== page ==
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Berlin 2007: Asta Nielsen is Hamlet

Asta Nielsen in Hamlet
Asta Nielsen in Hamlet

Sure, the 2007 Berlinale, which has kicked off this evening, will offer a number of good – hopefully, even a few great – new films. But for my money, the most interesting section this year is the Retrospective covering the roles of women in silent films of the 1910s and 1920s.

I've mentioned the Retrospective in a previous post, but I didn't know at the time that a restored (two-strip) color version of Sven Gade and Heinz Schall's Hamlet was going to be screened. Accompanied by Michael Riessler's new score, Hamlet, starring Grand Diva Asta Nielsen as the angst-ridden, cross-dressing prince(ss) of Denmark, will have its world premiere at the Berlin International Film Festival at 6 p.m. this Saturday, Feb. 10, at the Deutsche Kinemathek.

James Bazen, currently working on a research project about the silent era, watched one of the several circulating black-and-white versions of Hamlet. James (we've known one another for quite some time) calls Hamlet a “fascinating film,” made particularly intriguing by a gay subtext involving Horatio's affections for Hamlet – Horatio doesn't realize that the young prince is actually a princess in disguise. (Nielsen may have liked this sort of gender-bending role. She also played an androgynous character at least once before, in Urban Gad's Zapata's Band.)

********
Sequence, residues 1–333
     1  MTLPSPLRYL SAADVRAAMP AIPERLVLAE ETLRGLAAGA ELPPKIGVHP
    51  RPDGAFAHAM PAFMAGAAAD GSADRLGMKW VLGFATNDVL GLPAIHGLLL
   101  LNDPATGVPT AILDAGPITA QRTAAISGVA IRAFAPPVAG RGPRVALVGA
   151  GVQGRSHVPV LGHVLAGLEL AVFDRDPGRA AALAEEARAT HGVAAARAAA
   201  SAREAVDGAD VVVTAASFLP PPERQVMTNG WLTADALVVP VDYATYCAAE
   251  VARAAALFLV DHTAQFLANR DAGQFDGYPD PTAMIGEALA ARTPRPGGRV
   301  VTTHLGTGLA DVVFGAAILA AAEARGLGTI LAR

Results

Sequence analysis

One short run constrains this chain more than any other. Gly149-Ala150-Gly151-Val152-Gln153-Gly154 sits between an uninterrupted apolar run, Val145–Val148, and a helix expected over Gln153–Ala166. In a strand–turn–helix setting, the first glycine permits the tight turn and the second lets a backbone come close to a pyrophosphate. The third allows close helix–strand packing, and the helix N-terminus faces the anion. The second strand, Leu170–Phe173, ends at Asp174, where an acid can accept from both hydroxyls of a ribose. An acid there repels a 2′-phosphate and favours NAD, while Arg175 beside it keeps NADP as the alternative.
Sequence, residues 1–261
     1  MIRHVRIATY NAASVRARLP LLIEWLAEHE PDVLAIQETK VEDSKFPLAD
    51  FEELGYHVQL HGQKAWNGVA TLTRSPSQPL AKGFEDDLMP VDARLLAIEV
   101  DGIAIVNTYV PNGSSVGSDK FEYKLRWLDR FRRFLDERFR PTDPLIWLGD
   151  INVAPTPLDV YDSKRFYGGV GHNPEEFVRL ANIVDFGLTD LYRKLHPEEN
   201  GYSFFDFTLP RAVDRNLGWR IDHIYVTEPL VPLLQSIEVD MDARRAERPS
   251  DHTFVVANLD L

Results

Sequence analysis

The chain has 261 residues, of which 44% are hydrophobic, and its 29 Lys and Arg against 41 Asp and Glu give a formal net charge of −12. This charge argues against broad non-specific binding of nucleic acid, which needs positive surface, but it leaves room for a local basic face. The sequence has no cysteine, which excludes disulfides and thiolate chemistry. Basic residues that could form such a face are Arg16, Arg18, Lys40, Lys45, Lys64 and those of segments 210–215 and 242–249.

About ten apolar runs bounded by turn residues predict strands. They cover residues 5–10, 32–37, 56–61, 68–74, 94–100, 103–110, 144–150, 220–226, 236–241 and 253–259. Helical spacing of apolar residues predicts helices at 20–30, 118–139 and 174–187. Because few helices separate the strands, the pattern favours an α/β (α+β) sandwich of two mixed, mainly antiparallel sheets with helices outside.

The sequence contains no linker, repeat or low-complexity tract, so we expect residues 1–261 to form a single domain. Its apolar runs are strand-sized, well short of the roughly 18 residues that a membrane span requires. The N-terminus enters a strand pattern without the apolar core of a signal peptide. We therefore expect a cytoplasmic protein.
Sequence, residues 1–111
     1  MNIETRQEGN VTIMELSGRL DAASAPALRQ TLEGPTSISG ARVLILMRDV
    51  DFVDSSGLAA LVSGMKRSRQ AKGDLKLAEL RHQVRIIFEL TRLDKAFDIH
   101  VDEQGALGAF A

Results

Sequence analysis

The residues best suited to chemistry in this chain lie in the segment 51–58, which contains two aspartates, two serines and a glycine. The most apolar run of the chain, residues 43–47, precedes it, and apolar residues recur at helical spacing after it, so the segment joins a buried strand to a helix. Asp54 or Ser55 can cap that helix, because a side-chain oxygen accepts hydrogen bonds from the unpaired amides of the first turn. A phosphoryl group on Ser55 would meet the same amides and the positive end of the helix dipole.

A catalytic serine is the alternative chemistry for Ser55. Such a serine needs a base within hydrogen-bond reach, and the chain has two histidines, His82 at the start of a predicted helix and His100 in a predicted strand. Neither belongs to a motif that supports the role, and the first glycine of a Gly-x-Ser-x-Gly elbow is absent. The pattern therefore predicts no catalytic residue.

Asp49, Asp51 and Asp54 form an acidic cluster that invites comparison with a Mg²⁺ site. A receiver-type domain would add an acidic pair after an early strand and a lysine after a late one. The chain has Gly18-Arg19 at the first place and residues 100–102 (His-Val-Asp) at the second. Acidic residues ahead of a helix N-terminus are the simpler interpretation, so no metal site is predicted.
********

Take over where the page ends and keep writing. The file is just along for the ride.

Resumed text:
The recently rediscovered color version has never been shown since the movie's initial release. It has been restored by the Deutsches Film Institut (DIF) and broadcaster ZDF, in cooperation with ARTE.

Claudia Dillmann (DIF), Nina Goslar (ZDF/ARTE), Karola Gramann (Kinothek Asta Nielsen) and Anke Mebold (DIF) are scheduled to take part in a panel discussion before the screening.

Additionally, the Berlin festival will present another recently rediscovered work, the 1931 sound (as in, added music and sound effects) version of Giovanni Pastrone's 1914 epic Cabiria. The original silent version of the Italian classic will also be screened. The sound and silent versions will be shown, respectively, on Sat., Feb. 17, and Sun., Feb. 18, both at 2 p.m. at CinemaxX 8. Both Cabiria versions have been restored by Turin's Museo Nazionale del Cinema.

The 57th Berlin International Film Festival runs until Feb. 18.

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